For many Bolivians these ministers along Jeanine Anez herself are also responsible for the massacres of Senkata and Sacaba during the first days of the coup d’etat against Evo Morales and eventually will be called by the Bolivian justice in relation tothose human rights violations.
The president of Bolivia, Luis Arce, swore in the new high command of the Armed Forces last Monday, in a ceremony carried out in the Casa Grande del Pueblo (headquarters of the executive).
Based on his prerogatives as Chief of State and Captain General of the Army, Arce appointed Brigadier Generals Jaime Alberto Zabala and Miguel Ángel Contreras, Commander-in-Chief of the military institution, and Chief of General Staff, respectively.
The president also assigned Brigadier Generals Fuad Genaro Ramos and César Moises Vallejo, and Rear Admiral Javier Torrijo, to the head of the Army, Air Force, and Navy, in that order.
The new positions will accompany Arce’s management at the head of the different components of the Armed Forces, highly criticized by the majority of Bolivians for its complicity with the coup that forced President Evo Morales to resign in November 2019.
The actions of the military under the orders of the subsequent de facto government caused their rejection and repudiation by the people. The military’s participation in the repression of peaceful demonstrations, and their role in the Senkata and Sacaba massacres, which left some thirty dead and dozens injured, was considered damning.
The aforementioned facts are being investigated by the Bolivian parliament, which is still seeking justice a year after the events. However, there have been concerns that the military is obstructing the investigations.
This hypothesis is supported by the Ombudsman’s Office, which called on the military not to obstruct justice. The investigation seeks to determine the accountability of several high-ranking officers and the former ministers of Defense and Government, Fernando López and Arturo Murillo, respectively.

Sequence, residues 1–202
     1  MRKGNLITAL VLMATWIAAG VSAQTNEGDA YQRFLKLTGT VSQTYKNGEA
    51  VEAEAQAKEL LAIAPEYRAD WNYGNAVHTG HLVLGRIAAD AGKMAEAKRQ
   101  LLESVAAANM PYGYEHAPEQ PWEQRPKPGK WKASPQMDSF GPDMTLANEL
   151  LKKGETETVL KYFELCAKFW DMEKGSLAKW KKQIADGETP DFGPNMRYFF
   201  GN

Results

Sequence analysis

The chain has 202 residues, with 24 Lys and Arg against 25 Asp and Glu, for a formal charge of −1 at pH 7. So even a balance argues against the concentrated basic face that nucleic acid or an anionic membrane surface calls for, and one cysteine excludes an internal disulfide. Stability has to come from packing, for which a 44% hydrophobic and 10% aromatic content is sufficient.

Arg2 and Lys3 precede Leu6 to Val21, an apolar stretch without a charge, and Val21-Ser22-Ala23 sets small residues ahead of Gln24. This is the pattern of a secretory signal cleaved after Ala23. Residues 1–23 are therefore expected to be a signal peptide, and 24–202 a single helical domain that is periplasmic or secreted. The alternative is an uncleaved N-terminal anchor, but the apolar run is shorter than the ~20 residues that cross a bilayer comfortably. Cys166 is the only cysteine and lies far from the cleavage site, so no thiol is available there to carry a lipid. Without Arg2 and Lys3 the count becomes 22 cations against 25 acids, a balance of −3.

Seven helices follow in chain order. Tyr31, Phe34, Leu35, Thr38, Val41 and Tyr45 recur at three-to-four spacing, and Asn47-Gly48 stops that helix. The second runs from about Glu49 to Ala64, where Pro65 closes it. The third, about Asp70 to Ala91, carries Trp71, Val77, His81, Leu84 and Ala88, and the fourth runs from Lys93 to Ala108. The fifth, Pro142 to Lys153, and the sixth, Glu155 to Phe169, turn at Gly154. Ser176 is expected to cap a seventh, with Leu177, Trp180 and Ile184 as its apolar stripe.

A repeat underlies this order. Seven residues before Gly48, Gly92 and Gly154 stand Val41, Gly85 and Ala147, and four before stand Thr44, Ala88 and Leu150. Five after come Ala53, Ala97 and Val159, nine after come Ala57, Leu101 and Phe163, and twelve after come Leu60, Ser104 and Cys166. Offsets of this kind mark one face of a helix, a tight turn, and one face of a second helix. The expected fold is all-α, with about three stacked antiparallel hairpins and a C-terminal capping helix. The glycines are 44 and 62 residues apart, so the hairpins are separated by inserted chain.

By Francisco Dominguez – Dec 16, 2020
VENEZUELA’S free and fair elections to the National Assembly, held on December 6 2020, produced a substantial political victory for Chavismo: out the 277 MPs to be elected, the PSUV-led Great Patriotic Pole (the governing coalition, GPP) won with a 69.43 per cent landslide (4,276,926 votes); the Alianza Democratica (opposition) polled 17.72 per cent (1,095,170); Venezuela Unida received 4.15 per cent (295,450); and smaller coalitions got the remainder of the votes cast.
That is, out of the 277 seats contested, the GPP got 177 with the remaining 97 going to the other coalitions. Altogether, 6,251,080 people voted which represents 31 per cent of the registered electorate. This was the 25th election since Hugo Chavez first became president in 1998.
It was the National Dialogue for Peace, integrated by the Bolivarian government and representatives of opposition parties that came to an agreement, which contemplated, among other things, the designation of a new National Electoral Council.
Additionally, as is the normal protocol, the National Electoral Council (CNE), as part of the consensus between government and opposition parties, introduced a number of changes and conducted some extra guarantees. The specifics were as follows:
The number of parliamentarians to be elected was increased from 167 to 277 out of which 144 (52 per cent) were elected by list, and 133 (48 per cent) by nominal vote; three seats for indigenous peoples also to be elected by nominal voting (held on December 9, 2020).